Using Delegates to Communication Between Windows Forms

Introduction

Delegates are one of the wonderful features of .Net Framework. Their primary use is focused on support event handling and callback mechanism. In this article, we will explore how to use delegate as callback support to make simple communication between different opened windows forms.

In this article, I assume that you know the definition of delegate and its primary use in .Net Framework.

Scenario overview

In many scenarios, a windows form is used to open some other windows forms as modal or non-modal. The newly opened form or the opener itself (the parent form) may need to send each other some notifications or values. For example, you select a value from a ComboBox on the newly opened form, and you want to send this value immediately on select to the opener parent form. Or you changed a parameter value in the opener form (parent) that the newly opened form depends on. Such scenarios can be implemented using delegates in form of callbacks.

Scenario in action

We are going to explore 2 scenarios:

  • First Scenario: The main windows form (parent) that can open deferent instances of other windows forms (children).

    The parent form will contain a TextBox, when the text in this text box changes, all opened windows forms (children) should be notified with this change and display it.
     
  • Second Scenario: The main windows form (parent) that contains a ListBox will open a dialog form that contains a TextBox with two buttons (Add Item) & (Close). Whenever the user click the Add Item button, the item should be added to the ListBox in the main form without closing the dialog. Close button should close the dialog.

Of course these scenarios can be done by exposing controls as public instances. But many would prefer to keep controls as private and start using delegates

The Rule

First of all, you need to decide what do you want to send to the other form cause this will lead you to decide what is parameter type you will use in your delegate.

In our case here, we need only to pass string, so we need to define delegate with string as parameter for example:

public delegate void SetParameterValueDelegate(string value);

Second, you need to decide who is the owner of the communication, in other words, which form will send the notification?! In our first scenario the main form (parent) will be the owner of the communication. But in the second scenario the dialog form will be the owner.

Once you decide the owner, you'll need to declare an instance of your delegate type inside the owner class for example:

public SetParameterValueDelegate SetParameterValueCallback;

The other forms will be subscribers for the callback (delegate), only if you wish to send notification to them.

The First Scenario

The following screenshot shows the first scenario in action, just to note the simple user interface we are using to demonstrate the example:

scenario01.jpg

You need to declare a delegate, should be outside any class for our example needs.

Listing 01-Declare a delegate:

public delegate void SetParameterValueDelegate(string value);

The following is the code written in the Main From "FrmMain Class":

Listing 02-FrmMain Class:

//Declare delagete callback function, the owner of communication
public SetParameterValueDelegate SetParameterValueCallback;
private void btnOpenFrm1_Click(object sender, EventArgs e)
{
    FrmChild1 frm = new FrmChild1();
    //Subscribe frm for Callback
    this.SetParameterValueCallback += new SetParameterValueDelegate(frm.SetParamValueCallbackFn);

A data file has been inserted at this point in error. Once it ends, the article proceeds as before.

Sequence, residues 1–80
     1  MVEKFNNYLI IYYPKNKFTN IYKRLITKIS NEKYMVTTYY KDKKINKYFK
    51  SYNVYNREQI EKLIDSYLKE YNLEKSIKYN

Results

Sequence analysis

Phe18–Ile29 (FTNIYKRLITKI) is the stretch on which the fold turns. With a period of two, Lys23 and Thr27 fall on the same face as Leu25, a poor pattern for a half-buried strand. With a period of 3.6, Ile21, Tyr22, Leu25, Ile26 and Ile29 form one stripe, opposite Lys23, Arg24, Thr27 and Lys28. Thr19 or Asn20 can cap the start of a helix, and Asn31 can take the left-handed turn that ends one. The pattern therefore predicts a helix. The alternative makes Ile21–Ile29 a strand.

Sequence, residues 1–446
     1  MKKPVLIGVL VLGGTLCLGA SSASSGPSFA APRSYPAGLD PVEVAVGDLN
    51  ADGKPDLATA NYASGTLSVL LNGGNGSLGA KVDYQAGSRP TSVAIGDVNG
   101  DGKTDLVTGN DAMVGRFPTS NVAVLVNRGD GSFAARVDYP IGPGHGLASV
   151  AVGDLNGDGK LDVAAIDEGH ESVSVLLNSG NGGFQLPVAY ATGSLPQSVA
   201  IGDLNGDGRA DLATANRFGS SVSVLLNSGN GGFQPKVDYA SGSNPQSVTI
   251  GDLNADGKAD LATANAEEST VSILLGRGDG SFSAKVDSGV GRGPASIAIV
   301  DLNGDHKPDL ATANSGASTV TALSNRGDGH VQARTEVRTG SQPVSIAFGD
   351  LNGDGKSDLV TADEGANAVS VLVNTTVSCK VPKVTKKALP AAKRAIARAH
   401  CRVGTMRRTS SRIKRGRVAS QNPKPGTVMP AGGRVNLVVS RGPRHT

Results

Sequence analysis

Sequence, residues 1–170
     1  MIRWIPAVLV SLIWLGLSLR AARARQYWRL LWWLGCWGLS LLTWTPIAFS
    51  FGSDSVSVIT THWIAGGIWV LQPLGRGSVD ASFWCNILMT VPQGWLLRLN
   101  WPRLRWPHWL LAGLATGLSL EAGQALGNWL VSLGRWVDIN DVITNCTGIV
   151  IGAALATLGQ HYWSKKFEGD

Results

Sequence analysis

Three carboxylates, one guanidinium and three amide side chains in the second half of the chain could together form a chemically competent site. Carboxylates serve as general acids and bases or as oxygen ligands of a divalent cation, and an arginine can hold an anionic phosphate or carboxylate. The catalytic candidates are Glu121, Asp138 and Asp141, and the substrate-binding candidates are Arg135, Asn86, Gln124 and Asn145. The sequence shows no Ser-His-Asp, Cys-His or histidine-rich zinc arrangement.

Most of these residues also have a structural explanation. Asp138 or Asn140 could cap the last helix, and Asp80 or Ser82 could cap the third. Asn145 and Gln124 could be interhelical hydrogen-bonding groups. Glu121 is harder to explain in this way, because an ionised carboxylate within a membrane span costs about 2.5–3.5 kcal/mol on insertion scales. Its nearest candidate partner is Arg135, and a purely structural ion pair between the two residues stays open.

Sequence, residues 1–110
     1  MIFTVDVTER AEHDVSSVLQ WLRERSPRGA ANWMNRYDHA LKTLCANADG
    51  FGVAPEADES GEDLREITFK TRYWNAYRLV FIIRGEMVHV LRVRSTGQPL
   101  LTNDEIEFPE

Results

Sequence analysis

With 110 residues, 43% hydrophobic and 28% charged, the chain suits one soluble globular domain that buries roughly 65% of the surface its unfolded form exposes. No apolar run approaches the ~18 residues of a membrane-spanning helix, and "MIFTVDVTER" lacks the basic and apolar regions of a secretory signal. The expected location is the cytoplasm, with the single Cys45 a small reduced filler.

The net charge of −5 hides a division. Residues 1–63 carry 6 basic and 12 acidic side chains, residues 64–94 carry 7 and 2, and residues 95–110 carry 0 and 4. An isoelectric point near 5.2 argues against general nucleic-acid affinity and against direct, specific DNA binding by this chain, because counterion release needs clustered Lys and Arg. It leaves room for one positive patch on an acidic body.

frm.Show();
}
private void btnOpenFrm2_Click(object sender, EventArgs e)
{
    FrmChild2 frm = new FrmChild2();
    //Subscribe frm for Callback
    this.SetParameterValueCallback += new SetParameterValueDelegate(frm.SetParamValueCallbackFn);
    frm.Show();
}
private void txtParam_TextChanged(object sender, EventArgs e)
{
    //Send Notification to all subscribers
    SetParameterValueCallback(txtParam.Text);
}

Did you note the frm.SetParamValueCallbackFn?! Well this is method defined in both FrmChild1 & FrmChild2 forms, of course the method can have different names on each class.

What you should know and note, this method should have the same signature as the delegate, which means, the delegate is void, your method should be void, the delegate accepts only one string parameter, your method also should accept only one string parameter.

The following shows the definition of the SetParamValueCallbackFn method:

Listing 03-SetParamValueCallbackFn Method:

public void SetParamValueCallbackFn(string param)
{
    txtParam.Text = param;
}

The Second Scenario

You might guess what we should do in this scenario, first we will create a new delegate that takes a string parameter, we will call it AddItemDelegate. In the Dialog form (FrmDialog) we will declare a callback method of type AddItemDelegate. In main from (FrmMain) we will define the callback function.

Listing 04-AddItemDelegate:

public delegate void AddItemDelegate(string item);

Listing 05-FrmDialog Class:

//Declare delagete callback function, the owner of communication
public AddItemDelegate AddItemCallback;
private void btnAdd_Click(object sender, EventArgs e)
{
    //Notification subscribers
    AddItemCallback(txtItem.Text);
}

Listing 06-FrmMain Class:

private void btnScenario2_Click(object sender, EventArgs e)
{
    FrmDialog dlg = new FrmDialog();
    //Subscribe this form for callback
    dlg.AddItemCallback = new AddItemDelegate(this.AddItemCallbackFn);
    dlg.ShowDialog();
}
private void AddItemCallbackFn(string item)
{
    lstBx.Items.Add(item);
}

scenario02.jpg

Conclusion

The way of using delegates to send information between windows forms is much more clear than exposing controls as public instances, well this is my opinion.

In the examples represented here, we could use on delegate instead of tow, but I represented this just for clarification. Hope you find it useful.